A demonstration version of the prefabricated, multifunctional window module is already available. It was manufactured by the institute’s industrial partner Walter Fenster + Türen in Kassel. As the next stage, Krause and his colleagues at the IBP intend to test the window modules in situ, in the renovation of a real building: “In principle, they can be installed in many different types of building stock; we have decided to focus on multi-family residential housing dating from the 1950s.”
Dr.-Ing. Michael Krause | Fraunhofer Research News
Construction Impact Guide
18.05.2018 | Hochschule RheinMain
New, forward-looking report outlines research path to sustainable cities
24.01.2018 | National Science Foundation
Scientists develop first tool to use machine learning methods to compute flow around interactively designable 3D objects. Tool will be presented at this year’s prestigious SIGGRAPH conference.
When engineers or designers want to test the aerodynamic properties of the newly designed shape of a car, airplane, or other object, they would normally model...
Researchers from TU Graz and their industry partners have unveiled a world first: the prototype of a robot-controlled, high-speed combined charging system (CCS) for electric vehicles that enables series charging of cars in various parking positions.
Global demand for electric vehicles is forecast to rise sharply: by 2025, the number of new vehicle registrations is expected to reach 25 million per year....
Proteins must be folded correctly to fulfill their molecular functions in cells. Molecular assistants called chaperones help proteins exploit their inbuilt folding potential and reach the correct three-dimensional structure. Researchers at the Max Planck Institute of Biochemistry (MPIB) have demonstrated that actin, the most abundant protein in higher developed cells, does not have the inbuilt potential to fold and instead requires special assistance to fold into its active state. The chaperone TRiC uses a previously undescribed mechanism to perform actin folding. The study was recently published in the journal Cell.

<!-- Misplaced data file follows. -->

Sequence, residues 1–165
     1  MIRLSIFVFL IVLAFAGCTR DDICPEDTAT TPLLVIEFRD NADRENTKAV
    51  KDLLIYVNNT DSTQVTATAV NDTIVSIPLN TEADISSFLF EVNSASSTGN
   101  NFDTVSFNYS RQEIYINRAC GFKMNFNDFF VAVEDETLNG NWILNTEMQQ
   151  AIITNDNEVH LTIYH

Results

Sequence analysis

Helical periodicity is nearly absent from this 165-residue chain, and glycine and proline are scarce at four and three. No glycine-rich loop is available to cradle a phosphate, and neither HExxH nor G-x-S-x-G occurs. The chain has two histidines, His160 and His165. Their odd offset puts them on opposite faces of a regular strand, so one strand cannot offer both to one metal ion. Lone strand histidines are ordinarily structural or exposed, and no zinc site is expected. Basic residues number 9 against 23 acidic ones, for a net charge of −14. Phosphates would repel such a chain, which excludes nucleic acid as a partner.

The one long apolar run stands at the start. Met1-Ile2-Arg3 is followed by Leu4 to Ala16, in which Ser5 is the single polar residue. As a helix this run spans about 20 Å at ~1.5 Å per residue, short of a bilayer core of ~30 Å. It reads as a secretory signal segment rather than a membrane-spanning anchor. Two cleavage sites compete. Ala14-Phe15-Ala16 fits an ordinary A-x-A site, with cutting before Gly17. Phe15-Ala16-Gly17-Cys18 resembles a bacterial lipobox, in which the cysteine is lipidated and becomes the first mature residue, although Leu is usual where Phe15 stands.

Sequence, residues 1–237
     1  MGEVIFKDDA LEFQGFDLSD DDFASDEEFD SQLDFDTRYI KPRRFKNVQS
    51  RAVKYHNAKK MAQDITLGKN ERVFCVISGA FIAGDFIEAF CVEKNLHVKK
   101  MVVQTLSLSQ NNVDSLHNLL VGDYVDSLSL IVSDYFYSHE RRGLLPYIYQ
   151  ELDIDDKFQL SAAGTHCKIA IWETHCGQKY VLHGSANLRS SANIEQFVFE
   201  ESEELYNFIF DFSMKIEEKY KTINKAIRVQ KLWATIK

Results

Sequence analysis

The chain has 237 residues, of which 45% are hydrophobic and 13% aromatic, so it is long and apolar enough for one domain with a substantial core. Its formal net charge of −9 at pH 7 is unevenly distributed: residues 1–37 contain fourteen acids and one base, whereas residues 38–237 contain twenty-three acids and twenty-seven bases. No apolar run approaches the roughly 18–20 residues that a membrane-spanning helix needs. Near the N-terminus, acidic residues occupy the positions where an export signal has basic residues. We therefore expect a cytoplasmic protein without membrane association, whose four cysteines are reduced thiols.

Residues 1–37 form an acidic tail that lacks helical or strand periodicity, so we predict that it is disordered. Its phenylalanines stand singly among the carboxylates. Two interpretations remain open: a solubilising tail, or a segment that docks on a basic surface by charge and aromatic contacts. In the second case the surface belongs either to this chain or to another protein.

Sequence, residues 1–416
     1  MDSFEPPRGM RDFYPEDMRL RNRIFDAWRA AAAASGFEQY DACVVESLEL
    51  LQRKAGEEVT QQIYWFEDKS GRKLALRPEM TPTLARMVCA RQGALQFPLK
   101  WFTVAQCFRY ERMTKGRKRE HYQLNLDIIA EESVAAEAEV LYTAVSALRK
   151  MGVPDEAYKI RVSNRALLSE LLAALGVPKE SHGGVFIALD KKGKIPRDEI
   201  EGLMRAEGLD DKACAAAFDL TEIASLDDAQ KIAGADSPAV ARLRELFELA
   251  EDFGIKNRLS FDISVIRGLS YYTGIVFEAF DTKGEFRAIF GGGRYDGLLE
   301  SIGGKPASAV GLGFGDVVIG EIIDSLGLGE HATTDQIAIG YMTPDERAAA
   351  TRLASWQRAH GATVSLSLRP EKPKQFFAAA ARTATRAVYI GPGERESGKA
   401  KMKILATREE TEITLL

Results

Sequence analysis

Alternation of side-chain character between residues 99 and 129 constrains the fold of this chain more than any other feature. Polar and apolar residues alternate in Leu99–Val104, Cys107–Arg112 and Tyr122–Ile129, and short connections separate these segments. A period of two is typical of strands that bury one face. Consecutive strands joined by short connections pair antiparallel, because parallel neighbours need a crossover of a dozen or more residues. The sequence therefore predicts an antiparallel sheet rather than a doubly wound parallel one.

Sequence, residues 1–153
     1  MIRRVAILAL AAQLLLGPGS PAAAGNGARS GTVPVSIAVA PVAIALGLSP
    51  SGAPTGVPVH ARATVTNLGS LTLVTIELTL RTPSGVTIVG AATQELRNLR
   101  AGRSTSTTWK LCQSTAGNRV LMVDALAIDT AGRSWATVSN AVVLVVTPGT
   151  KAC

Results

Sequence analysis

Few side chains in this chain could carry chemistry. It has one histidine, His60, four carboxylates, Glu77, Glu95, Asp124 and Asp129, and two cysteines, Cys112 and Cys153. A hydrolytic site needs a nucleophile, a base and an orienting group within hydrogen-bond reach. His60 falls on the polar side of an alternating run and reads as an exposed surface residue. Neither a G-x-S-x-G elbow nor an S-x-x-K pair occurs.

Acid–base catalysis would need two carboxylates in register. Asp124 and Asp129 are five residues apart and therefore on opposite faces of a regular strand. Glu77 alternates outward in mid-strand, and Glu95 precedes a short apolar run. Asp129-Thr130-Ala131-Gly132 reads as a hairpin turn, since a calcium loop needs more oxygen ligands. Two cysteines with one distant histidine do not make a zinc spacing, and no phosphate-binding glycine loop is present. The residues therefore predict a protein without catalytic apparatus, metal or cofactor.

Actin is the most abundant protein in highly developed cells and has diverse functions in processes like cell stabilization, cell division and muscle...
Scientists have discovered that the electrical resistance of a copper-oxide compound depends on the magnetic field in a very unusual way -- a finding that could help direct the search for materials that can perfectly conduct electricity at room temperatur
What happens when really powerful magnets--capable of producing magnetic fields nearly two million times stronger than Earth's--are applied to materials that...
The quality of materials often depends on the manufacturing process. In casting and welding, for example, the rate at which melts solidify and the resulting microstructure of the alloy is important. With metallic foams as well, it depends on exactly how the foaming process takes place. To understand these processes fully requires fast sensing capability. The fastest 3D tomographic images to date have now been achieved at the BESSY II X-ray source operated by the Helmholtz-Zentrum Berlin.
Dr. Francisco Garcia-Moreno and his team have designed a turntable that rotates ultra-stably about its axis at a constant rotational speed. This really depends...
08.08.2018 | Event News
27.07.2018 | Event News
25.07.2018 | Event News
14.08.2018 | Information Technology
14.08.2018 | Life Sciences
14.08.2018 | Life Sciences